Hiding Your Search Tracks

10 comments

Get lost in the Google crowd (and others) to hide your search tracks:

http://lostinthecrowd.org/

Anyone checked this tool/service extensively yet?

Comments

hope their random queries are safe

Giving it a shot - hope there are no "hot words" in their random queries - the first "craft supplies" seemed pretty safe. I just hope the next one isn't geeeeeehad or something:)

Here's another cool one

Ancient Web Rule #1: If it's there once, your'e likely to find it twice. Or an alternative.

TrackMeNot is a lightweight browser extension that protects web-searchers against surveillance and data-profiling. It does so not by means of concealment or encryption (i.e. covering one's tracks), but instead, paradoxically, by the opposite strategy: noise and obfuscation. With TrackMeNot, actual web searches, lost in a cloud of false leads, are essentially hidden in plain view. User-installed TrackMeNot works with the Firefox Browser and popular search engines, e.g. AOL, Yahoo!, Google, and MSN, and requires no 3rd-party servers or services.

http://mrl.nyu.edu/~dhowe/TrackMeNot/

(Firefox browsers only.)

This one even allows you to edit the random inquiry list - so you can put in "geeeeeehad" yourself. :)

More good coverage...

Decent post today on the above and other search privacy options. The "do you really want people to know your secret love of fairies?" bit almost made me lose it :)

Google nightmare

That TrackMeNot thing is a search engine's nightmare. Automagically increase the user's number of searches by a factor of X, through meaningless background queries.

Is that really the answer? Abuse the user trust to the point where the user orchestrates widespread wholesale abuse of your search engine? Really now. That simply can't be healthy for anyone involved.

FoxyProxy

Adding in fake queries isn't particularly strong obfuscation. If you really want/need privacy, follow the EFF's advice: (1) don't login and (2) use an anonyomizing proxy like FoxyProxy with Tor -- both easy enough to install and use.

Warning:These Sites Are All Owned By The Knights Templar

Personally, if I were really worried about protecting my privacy, these sorts of sites are about the last place I would go. If you are paranoid enough to worry about your personal search data being looked at, what makes you think sites like these aren't CIA or FBI fronts, set up just to get the people with something to hide to identify themselves? Wouldn't it be a great opportunity for the investigative agencies to get a subset of all searchers, specifically self-selected because they think they have something to hide?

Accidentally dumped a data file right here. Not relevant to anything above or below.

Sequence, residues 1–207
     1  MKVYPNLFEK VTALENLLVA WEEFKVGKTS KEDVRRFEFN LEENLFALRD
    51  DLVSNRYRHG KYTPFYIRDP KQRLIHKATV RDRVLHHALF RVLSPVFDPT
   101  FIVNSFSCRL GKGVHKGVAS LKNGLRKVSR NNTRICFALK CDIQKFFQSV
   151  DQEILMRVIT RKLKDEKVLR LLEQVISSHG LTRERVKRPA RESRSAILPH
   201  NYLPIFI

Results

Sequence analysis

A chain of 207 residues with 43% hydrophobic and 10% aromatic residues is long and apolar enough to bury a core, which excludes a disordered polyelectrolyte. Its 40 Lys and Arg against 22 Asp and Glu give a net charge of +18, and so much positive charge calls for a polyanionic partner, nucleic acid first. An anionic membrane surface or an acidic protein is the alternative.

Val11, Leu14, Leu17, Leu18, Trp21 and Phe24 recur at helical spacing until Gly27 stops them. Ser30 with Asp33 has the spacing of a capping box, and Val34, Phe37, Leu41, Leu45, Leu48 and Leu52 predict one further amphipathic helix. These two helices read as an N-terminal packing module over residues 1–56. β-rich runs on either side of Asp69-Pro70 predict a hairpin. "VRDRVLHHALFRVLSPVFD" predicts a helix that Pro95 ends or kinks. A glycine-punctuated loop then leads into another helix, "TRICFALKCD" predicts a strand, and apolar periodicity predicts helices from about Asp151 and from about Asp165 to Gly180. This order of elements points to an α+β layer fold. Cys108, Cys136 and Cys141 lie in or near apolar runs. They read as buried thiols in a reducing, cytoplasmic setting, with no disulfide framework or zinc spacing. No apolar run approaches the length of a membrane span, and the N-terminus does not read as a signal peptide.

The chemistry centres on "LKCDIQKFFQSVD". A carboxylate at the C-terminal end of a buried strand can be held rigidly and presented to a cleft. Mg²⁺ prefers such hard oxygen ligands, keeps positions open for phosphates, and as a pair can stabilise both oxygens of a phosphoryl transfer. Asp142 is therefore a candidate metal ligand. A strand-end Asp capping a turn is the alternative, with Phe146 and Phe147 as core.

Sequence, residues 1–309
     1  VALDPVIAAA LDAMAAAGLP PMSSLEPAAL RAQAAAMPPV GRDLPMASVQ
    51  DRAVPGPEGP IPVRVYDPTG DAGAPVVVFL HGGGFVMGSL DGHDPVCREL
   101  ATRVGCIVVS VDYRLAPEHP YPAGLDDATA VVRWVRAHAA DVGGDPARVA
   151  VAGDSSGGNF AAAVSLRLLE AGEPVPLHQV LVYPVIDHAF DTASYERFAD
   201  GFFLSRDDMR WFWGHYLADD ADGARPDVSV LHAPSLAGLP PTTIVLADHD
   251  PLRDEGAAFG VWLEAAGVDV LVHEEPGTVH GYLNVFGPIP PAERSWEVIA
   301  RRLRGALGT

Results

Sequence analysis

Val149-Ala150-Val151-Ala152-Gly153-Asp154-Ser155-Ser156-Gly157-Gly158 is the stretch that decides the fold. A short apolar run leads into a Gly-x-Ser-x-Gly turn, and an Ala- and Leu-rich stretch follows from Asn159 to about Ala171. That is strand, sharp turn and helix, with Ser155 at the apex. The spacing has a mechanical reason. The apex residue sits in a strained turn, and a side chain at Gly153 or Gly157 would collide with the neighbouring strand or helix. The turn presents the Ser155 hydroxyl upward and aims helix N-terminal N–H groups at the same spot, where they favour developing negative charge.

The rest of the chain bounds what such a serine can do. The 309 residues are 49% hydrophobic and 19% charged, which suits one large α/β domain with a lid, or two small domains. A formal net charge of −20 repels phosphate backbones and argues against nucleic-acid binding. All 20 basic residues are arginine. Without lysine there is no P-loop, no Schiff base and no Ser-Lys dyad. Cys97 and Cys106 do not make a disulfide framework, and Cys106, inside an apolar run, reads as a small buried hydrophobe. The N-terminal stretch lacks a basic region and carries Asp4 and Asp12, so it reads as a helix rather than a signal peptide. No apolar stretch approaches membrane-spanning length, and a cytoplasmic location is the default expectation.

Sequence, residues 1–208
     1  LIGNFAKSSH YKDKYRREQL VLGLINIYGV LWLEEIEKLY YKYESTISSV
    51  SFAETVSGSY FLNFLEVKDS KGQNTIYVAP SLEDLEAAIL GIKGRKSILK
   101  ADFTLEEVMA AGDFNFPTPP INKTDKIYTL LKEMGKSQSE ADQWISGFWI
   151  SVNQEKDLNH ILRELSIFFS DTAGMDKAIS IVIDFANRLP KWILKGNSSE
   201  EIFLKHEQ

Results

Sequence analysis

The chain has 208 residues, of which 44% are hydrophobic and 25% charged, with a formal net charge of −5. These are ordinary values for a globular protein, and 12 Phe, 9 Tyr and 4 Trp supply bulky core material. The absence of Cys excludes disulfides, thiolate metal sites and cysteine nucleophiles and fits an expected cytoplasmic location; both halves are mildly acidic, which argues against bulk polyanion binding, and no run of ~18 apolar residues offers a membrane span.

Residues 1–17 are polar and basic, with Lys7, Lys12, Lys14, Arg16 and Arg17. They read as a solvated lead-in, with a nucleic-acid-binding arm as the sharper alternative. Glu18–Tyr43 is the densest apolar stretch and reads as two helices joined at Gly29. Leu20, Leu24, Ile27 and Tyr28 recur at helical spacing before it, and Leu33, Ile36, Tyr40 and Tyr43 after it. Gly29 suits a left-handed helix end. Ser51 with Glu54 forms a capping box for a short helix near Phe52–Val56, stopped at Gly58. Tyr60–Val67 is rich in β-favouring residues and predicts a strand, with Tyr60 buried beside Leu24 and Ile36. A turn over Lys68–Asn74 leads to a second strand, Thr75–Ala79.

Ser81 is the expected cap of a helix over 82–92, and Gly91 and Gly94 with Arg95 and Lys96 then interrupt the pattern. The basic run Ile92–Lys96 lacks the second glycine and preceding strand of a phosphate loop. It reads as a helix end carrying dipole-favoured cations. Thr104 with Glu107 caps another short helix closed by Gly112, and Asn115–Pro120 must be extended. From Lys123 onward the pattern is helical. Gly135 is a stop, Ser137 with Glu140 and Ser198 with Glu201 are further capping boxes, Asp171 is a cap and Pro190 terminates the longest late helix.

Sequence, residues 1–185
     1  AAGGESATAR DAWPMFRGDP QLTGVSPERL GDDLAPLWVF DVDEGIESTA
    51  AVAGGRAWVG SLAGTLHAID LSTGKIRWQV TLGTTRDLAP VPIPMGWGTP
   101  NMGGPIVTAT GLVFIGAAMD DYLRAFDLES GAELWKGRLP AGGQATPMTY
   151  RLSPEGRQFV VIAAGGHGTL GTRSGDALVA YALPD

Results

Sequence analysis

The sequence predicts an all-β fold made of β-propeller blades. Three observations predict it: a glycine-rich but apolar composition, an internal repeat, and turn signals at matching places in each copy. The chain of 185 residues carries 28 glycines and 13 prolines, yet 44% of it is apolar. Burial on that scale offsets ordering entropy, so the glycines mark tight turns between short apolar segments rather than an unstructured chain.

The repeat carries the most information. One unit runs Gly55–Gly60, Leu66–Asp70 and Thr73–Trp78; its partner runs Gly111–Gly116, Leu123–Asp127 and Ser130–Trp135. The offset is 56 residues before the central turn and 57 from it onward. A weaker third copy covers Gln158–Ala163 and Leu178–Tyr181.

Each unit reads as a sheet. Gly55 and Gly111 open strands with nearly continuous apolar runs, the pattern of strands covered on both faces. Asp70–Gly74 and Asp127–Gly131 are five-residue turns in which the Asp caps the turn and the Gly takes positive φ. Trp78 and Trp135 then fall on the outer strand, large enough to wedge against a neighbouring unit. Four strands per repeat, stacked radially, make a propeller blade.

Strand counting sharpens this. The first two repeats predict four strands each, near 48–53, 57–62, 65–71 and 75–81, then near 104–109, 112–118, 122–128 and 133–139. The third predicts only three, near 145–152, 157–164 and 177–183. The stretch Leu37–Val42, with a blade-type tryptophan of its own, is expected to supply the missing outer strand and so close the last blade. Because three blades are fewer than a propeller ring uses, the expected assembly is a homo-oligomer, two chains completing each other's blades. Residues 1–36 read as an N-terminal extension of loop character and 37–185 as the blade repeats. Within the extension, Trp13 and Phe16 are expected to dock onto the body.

Paranoia can destroy ya. Folks need to lighten up a little, quit worrying that Big Brother really cares about their searches for women without shirts, and live their lives. I have no real privacy, but then, neither did my grandparents, living as they did in small towns where every petty detail of their daily lives was open to community inspection.

While I think it is healthy to agitate against more overbearing government intrusion into what little privacy we have left, sites like these are not the solution.

Good topic

I'd like to thank Fantomaster for bringing the topic up. I had been wondering about this myself after the AOL thing. I think this subject and demand for search annoymizers will grow over the coming years as the search engines continue to collect data and governments, hackers and others become more inclined to get their hands on it. It's a growth topic IMO.

GoogleAnon

I have no connection with this site, but I use GoogleAnon

I take this from their site

Quote:
How good is the privacy or anonymity afforded by this GoogleAnon Bookmarklet?

Pretty good, only. It'll remove the GUID from cookie, and therefore from any information Google collects as you interact with it. For many people that will be enough to completely avoid the possibility of Google building up a cohesive profile about 'them'. But if you use the Google Toolbar or Deskbar or My Search History or any of their Account services, you may be allowing the possibility of a more cohesive profile. And your IP address, especially a permanent one, can be personally identifying under some circumstances. If you really want to be anonymous, you'll need to work much harder.

I've tried out the Lost in

I've tried out the Lost in teh crowd thing and it doesn't seem to work. In two days, the thing has sent out only two terms on my behalf. Unless you keep visiting the thing it won't send out another term.

If you could tweak it to send out terms so many minutes apart, I might think better of it.

thanks grnidone

The only thing worse than a sense of security in this world is a false sense of security.

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